If you have something thoughtful to say, then say it. But if all you have to say has already been said out there ten times, or if you won’t take the trouble to check your sources, read carefully, calm down before blogging, avoid over-generalisations, and thus avoid feeding the already bloated echo-chamber — just go out for a walk in the sun and let the people involved sort themselves out.

The word is out there, way enough, and I trust that we’ll get to the bottom of the story in time.

Update: I’m adding new links which actually add something to this story to my first post as I find them, so check over there for updates.

Technological Overload or Internet Addiction? [en]

[fr] Les vidéos du fameux débat sur la surcharge technologique à LIFT'07 est en ligne. Du coup, l'occasion de rappeler mes deux billets sur le sujet, et de rajouter quelques pensées suite à ma participation à la table ronde sur les cyberaddictions à Genève, entre autres sur la confusion entre dépendance et addiction parmi le grand public, et le fait qu'on perçoit souvent l'objet de l'addiction comme étant le problème (et donc à supprimer) et non le comportement addictif. Mes notes sont à disposition mais elles sont très rudimentaires.

For those of you who enjoyed my Technological Overload Panel and Addicted to Technology posts, the video of the Technological Overload Panel at LIFT’07 is now online.

Since I wrote them, I participated in a panel discussion about cyberaddictions (that’s what they’re called in French) in Geneva. It was very interesting, and I learnt a few things. The most important one is the difference between “addiction” and “dépendance” in French. “Dépendance” is physical. The cure to it is quitting whatever substance we are dependant to. Addiction, however, lies in the realm of our relationship to something. It has to do with how we use a substance/tool, what role it plays in our life and overall psychological balance. And it also has a component of automation to it. You don’t think before lighting up a cigarette, or compulsively checking your e-mail.

I think there is a lot of confusion between these two aspects amongst the general public, which leads to misconceptions like the “cure” to alcoholism being complete abstinence. Sure, abstinence solves the substance abuse problem and is better for one’s health, but it doesn’t necessarily solve the addiction problem.

Addictions which are linked to otherwise useful tools are forcing us to look deeper (and that is actually what I’m trying to say in the Addicted to Technology post. The problem is not the substance (ie, alcohol, or even the drug, or in this case, technology). The problem is in the way a person might use it. Hence I maintain that the solution lies not in the removal of the tool/technology, as the panel moderator suggests twice (first, by asking us to turn off our laptops, and second, by asking “how to unplug”), but in a careful and personalised evaluation of what one uses technology for (or what one uses technology to avoid).

I had a talk after the panel with one of the people there, who told me of some rough numbers he got from a consultation in Paris which is rather cutting-edge when it comes to dealing with “internet addiction” amongst teenagers. I think that out of 250 referrals (or something), the breakdown was about the following: one third were parents freaking out with no objective reason to. Another third were parents freaking out with good reason, for the signs that brought them there were actually the first indicators of their child’s entry in schizophrenia. I can’t remember the exact details for the last third, but if I recall correctly the bottom line was that they had something like a dozen solid cases of “cyber addictions” in the end. (Please don’t quote me on these numbers because the details might be wrong — and if you have precise numbers, I’d be happy to have them.)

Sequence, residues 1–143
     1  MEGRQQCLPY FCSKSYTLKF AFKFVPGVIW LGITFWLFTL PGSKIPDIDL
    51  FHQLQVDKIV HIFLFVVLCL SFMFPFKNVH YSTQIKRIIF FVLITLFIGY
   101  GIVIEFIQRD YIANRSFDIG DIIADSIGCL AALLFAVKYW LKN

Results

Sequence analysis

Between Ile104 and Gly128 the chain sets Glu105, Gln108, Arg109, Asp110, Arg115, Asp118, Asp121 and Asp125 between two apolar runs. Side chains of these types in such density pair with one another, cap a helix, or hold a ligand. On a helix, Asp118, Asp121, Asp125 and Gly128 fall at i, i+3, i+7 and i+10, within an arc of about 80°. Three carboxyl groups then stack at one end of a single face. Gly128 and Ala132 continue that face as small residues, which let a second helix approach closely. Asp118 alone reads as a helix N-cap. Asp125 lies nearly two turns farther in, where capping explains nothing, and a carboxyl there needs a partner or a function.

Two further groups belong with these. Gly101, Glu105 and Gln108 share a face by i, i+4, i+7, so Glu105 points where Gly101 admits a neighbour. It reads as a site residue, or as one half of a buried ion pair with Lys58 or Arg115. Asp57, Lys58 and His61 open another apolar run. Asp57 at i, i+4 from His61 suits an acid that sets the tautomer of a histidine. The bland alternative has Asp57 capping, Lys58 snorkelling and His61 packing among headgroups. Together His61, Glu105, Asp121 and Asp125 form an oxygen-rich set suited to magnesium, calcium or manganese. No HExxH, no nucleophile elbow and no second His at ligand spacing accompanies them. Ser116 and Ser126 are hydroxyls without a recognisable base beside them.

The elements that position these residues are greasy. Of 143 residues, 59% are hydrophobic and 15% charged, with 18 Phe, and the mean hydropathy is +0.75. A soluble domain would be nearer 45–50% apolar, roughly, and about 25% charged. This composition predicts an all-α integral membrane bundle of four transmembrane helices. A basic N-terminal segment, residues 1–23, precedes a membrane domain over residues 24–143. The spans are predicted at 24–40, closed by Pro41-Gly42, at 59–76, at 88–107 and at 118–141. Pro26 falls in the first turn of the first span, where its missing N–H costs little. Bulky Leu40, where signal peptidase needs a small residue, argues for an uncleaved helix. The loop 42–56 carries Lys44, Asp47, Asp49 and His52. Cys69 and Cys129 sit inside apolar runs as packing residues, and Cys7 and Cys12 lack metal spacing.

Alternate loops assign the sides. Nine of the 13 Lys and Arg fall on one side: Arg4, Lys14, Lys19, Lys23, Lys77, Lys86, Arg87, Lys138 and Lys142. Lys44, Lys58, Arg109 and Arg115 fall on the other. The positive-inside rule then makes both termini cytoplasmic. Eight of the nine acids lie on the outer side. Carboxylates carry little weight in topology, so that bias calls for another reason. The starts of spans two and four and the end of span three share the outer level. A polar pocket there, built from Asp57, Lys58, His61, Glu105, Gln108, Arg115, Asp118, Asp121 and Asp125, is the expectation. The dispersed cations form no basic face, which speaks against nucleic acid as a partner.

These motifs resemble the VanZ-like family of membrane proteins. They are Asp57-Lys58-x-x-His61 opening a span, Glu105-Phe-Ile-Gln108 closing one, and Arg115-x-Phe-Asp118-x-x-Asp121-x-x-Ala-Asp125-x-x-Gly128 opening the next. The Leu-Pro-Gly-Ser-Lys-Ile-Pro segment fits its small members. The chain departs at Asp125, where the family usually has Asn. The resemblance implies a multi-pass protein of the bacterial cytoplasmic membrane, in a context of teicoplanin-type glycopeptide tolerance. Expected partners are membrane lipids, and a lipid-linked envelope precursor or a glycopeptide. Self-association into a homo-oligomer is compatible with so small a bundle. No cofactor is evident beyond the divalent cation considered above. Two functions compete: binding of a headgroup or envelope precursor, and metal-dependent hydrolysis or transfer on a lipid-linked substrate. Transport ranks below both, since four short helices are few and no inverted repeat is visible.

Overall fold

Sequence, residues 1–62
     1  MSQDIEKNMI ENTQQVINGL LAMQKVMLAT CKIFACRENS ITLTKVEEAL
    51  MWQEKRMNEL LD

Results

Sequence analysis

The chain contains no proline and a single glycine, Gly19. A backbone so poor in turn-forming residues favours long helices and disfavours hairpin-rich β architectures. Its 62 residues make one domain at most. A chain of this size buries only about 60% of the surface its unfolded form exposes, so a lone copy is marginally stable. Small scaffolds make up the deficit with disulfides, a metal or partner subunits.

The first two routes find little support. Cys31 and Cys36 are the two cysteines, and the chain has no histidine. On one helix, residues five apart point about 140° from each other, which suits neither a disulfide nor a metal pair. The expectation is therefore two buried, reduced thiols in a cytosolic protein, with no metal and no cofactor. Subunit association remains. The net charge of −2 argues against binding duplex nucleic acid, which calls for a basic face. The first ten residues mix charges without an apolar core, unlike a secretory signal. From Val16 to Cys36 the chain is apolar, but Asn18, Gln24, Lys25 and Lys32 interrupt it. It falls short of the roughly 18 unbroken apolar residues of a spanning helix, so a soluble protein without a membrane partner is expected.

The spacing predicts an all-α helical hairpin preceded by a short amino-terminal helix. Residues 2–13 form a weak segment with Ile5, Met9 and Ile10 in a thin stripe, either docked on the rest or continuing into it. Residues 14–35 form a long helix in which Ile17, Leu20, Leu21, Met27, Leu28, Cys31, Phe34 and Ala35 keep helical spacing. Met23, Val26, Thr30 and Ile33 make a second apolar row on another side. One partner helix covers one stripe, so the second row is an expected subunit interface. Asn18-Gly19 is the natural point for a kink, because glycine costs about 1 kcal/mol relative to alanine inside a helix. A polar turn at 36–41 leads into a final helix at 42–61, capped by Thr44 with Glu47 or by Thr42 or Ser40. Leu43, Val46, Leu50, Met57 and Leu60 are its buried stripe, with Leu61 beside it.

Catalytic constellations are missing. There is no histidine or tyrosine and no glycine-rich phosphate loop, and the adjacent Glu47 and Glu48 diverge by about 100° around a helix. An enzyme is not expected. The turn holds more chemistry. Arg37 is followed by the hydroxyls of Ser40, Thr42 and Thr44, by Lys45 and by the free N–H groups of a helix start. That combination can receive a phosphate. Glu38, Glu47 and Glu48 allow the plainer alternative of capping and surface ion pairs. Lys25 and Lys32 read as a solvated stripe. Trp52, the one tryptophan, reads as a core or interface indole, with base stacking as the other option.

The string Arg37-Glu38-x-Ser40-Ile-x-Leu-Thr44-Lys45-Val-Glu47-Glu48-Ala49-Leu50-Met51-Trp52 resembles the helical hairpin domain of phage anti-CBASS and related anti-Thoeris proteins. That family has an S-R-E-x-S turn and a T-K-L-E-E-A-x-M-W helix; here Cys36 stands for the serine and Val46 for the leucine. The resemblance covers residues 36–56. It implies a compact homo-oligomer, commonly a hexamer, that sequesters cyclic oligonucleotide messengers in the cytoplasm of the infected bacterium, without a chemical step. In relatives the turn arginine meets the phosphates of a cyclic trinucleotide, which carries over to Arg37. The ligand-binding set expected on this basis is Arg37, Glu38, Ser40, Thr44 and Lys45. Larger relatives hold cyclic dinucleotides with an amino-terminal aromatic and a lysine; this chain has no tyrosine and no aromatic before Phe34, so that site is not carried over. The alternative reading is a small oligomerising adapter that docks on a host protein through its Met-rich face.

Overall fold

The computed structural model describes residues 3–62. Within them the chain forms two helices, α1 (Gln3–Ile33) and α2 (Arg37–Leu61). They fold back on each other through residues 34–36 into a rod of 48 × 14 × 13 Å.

This confirms my impression that people are a bit quick in shouting “internet addiction” when faced with heavy users (just like people are a bit quick to shout “pedophiles!” and “sexual sollicitation!” whenever teenagers and the internet are involved). I personally don’t think that the amount of time spent using technology is a good indicator.

I took some very rough notes during the panel I participated in (half-French, half-English, half-secret-code) but you can have a peek if you wish.

The Podcast With No Name (Steph+Suw), Episode 2 [en]

[fr] Nouvel épisode du podcast conversationnel que je fais avec mon amie Suw Charman.

Long, long overdue, here is Steph and Suw‘s Podcast With No Name, episode 2, February 15th, 2007. Some rough shownotes, with some links. Hope you enjoy it, and let us know what you think. We’re down to 35 minutes! Show notes might suffer updates…

  • conferences: LIFT’07 and Freedom of Expression
  • not everybody has the internet (God, I need to stop laughing so loud when we’re recording)
  • mobile phones in other cultures (e.g. Nigeria)
  • “technology overload” at LIFT’07 turned into “internet addiction” (interesting Stefana Broadbent
  • note-taking on a computer: expected in some contexts, but feels really out-of-place in others (cultural issue)
  • do we end up publishing our handwritten notes? trade-offs: handwritten and rewriting vs. direct blogging (Steph’s crappy workshop notes)
  • scanning vs. photographing written material, document management and shredding
  • GTD status update (inbox zero…)
  • FOWA coming up and other fun London stuff
  • Wedding 2.0 will be blogged on CnV, but will there be a webcast?
  • technology as a way to stretch our Dunbar number, wedding 2.0 with IRC backchannel and crackberries galore
  • the Wedding Industrial Complex, trying to find an affordable venue in Dorset